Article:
My Grandma was an amazing woman. A product of the Great Depression, she was the most resourceful person I have ever met. She could walk into a near empty pantry and whip up a delicious meal in a jiffy, cure the plague with Vaseline and camphor oil, and reuse everything from bacon grease to old underwear. Her back patio was always covered with beautiful plants that she grew herself-ferns, shrubs, flowers, cacti- she had quite the green thumb. She was a wizard with a sewing machine and for my early years, all my best Halloween costumes were made by her. She was also a great hostess. When I was little, we always had Sunday dinner with the extended family at Grandma’s. She taught me how to set the table and how to treat our guests.
There was so much that she had to teach me that unfortunately I never learned. When I was only in middle school she began showing signs of dementia and by the time I was in high school she had been diagnosed with Alzheimer’s and Parkinson’s disease and her health was noticeably failing. When I was 16 years old, she was placed in a nursing home in my uncle’s hometown, several states away and she passed away before I ever got the chance to visit her there.
As a child, I wasn’t interested in cooking or sewing, and by the time I wanted to learn, it was too late. My grandmother will never be able to teach me her special recipe for fried cabbage or honey bun cake. She’ll never be able to show me all the little tricks she knew for sewing, knitting, and even ceramics making. The well of wisdom she had to offer the world is gone, forever. I learned a little too late that I should have listened to her more.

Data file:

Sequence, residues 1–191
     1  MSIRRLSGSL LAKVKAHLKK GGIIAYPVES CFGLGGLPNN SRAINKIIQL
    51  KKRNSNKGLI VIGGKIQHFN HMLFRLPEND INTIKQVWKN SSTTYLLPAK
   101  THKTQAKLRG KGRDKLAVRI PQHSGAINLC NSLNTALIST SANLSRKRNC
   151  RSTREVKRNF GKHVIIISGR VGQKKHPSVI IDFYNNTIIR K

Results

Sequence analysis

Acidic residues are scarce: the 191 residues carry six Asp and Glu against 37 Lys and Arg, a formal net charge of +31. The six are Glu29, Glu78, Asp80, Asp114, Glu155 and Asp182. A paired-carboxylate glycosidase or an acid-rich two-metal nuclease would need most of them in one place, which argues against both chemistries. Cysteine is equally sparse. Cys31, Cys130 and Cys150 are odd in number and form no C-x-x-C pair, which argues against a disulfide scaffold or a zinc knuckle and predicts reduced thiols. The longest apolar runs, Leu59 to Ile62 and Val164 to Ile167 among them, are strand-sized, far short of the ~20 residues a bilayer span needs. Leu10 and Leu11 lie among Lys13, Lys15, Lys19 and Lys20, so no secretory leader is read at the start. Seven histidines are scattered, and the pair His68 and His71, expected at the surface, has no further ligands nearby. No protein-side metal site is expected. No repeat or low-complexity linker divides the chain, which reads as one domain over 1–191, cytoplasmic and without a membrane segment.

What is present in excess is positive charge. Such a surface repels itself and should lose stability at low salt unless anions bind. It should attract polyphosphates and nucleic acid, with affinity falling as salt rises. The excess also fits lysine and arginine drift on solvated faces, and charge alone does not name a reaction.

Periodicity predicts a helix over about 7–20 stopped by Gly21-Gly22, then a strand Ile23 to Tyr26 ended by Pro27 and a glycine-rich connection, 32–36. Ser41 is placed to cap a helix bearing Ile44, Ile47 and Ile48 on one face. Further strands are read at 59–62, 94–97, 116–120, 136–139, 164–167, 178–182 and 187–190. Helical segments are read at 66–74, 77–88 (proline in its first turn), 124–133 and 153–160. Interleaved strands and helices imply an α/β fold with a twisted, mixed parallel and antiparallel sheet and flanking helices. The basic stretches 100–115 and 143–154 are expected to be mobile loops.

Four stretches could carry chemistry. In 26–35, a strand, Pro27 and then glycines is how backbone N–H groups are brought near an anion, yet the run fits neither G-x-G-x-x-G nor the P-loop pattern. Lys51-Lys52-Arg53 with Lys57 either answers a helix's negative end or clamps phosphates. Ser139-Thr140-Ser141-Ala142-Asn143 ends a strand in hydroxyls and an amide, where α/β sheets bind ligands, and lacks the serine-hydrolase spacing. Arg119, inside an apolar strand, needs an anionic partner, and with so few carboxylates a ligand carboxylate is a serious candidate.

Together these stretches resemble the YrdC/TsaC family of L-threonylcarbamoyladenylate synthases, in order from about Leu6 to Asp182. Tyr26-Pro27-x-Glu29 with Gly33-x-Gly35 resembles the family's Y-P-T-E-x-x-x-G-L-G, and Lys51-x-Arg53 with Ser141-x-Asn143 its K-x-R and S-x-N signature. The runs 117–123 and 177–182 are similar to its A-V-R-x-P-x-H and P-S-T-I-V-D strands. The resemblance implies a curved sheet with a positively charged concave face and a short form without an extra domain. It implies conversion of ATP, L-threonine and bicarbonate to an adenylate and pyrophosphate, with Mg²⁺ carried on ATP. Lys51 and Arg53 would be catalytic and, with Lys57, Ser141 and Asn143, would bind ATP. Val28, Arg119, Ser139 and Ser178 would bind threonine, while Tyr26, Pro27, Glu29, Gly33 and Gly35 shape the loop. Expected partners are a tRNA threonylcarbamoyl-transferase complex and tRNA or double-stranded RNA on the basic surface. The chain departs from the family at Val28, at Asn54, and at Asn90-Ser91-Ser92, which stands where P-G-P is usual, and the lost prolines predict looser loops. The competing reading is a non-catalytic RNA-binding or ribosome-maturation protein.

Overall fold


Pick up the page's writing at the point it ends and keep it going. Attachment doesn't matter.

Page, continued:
Fortunately, my grandparents on my father’s side are still living and quite healthy for their age, and I now know the value of the knowledge and skills they possess. My Nannie is one of the best housekeepers I know. She can tell me how to get a stain out of just about anything, and buys absolutely everything at a bargain. She’s never been big on cooking but the few things she does cook, she makes better than anyone I know. Her cole slaw and salmon cakes are to die for! My Pa taught me how to fish, how to shoot a gun and a bow, and I know that if I ever have a question about car maintenance, raising small animals, or gardening, all I have to do is ask.
My faith teaches reverence for our ancestors because we are their legacy. I have learned that this also extends to our living elders. They have so much wisdom to share with the younger generations. It would be a waste not to pay attention to them and learn the things they have to teach us.
If your own parents or grandparents have already passed, the knowledge of the past is not lost to you. There are plenty of elders in our communities who have tons of knowledge to impart on us. Don’t let the wisdom of past generations fall into obscurity. Take the time to listen and learn today, while we still can.